Supporting Someone You're Worried About

At times, talking to someone who you’re worried about can be challenging. We might worry that we might say the wrong thing and do more harm than good. When we are worried about someone we care about, it’s important to not shy away from these conversations, as it may be the first step to getting the help that is needed.

Recognising Something is Not Right

So what should you do?

When speaking to someone start off by choosing an environment where they feel comfortable and safe. Choose a place where you will not be interrupted or overheard. This will help them to feel more at ease to talk and open up.

They’re willing to talk, now what?

Ask how they are, and listen. Share your concerns with them, in a non-judgemental way. Give them time to talk. No one appreciates feeling rushed in their conversations, especially when talking about something which may be sensitive to them. It is important to be emphatic, to understand and validate their feelings.

What can I say to them?

Before saying anything, you want to make sure that the person feels listened to.  Many times you would need to use re-assuring phrases such as “I’m here for you”, “what can I do to help you?”.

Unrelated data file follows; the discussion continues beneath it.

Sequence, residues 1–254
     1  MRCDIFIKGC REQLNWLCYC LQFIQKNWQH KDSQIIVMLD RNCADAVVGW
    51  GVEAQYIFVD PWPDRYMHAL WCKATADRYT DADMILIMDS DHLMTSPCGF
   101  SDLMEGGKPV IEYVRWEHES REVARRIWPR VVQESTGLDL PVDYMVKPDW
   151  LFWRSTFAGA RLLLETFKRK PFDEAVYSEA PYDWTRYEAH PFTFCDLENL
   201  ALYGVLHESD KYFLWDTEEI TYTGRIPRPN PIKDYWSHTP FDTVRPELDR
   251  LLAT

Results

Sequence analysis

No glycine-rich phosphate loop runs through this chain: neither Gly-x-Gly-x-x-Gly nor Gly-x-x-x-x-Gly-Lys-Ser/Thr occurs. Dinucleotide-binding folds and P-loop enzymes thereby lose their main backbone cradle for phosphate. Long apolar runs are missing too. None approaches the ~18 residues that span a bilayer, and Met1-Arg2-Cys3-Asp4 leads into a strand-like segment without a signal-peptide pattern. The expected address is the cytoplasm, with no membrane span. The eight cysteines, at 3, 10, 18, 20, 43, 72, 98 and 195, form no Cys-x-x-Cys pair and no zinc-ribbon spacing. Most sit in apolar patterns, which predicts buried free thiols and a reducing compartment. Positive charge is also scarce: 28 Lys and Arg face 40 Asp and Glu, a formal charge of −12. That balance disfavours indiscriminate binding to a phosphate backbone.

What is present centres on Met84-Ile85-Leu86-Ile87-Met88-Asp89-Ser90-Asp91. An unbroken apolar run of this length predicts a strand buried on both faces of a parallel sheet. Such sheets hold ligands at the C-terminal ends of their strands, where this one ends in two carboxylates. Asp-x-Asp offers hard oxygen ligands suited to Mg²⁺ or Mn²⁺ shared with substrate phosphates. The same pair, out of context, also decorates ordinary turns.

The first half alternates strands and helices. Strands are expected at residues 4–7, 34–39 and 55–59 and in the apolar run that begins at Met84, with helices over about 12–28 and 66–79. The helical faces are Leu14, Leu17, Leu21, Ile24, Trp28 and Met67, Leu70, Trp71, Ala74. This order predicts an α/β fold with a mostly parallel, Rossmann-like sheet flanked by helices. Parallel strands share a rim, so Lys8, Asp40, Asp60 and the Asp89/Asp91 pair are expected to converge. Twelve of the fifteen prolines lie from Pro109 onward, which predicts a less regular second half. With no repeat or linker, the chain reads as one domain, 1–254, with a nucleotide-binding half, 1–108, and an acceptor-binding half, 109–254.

You may need to remind them throughout that the conversation will remain between you, as long as there is no risk of harm to self or others. Having a sense of security might allow them to feel more comfortable in speaking up. You can also choose to mention any similar experiences that you would have experienced, as long as you wouldn’t be dismissing theirs.

If you are worried that you’ve said something wrong, apologise and try to start afresh. Reassure them that when you’re asking questions, you’re doing so out of genuine interest in understanding their experience, and not to to pry or gossip.

If you’re not sure of how to help, it’s okay. Be honest, and explain that you might not have the right words to say, but that you will still be there to help them.

If I Can’t Help, What do I do?

If they don’t feel comfortable talking, don’t pressure them. Keep a good relationship and let them know that you’re there to help, and that if they ever want to chat you would be there to listen. If you feel as though you are stuck and you can’t think of any other ways of helping, remember that it’s okay to refer them to alternative help, either by seeing a professional or making use of a service available.

It may be ideal to be informed of what help can be available, this can be done by keeping updated on current services. Unfortunately, the person may not be aware of all the help that they could reach out to, so this might help guide them more.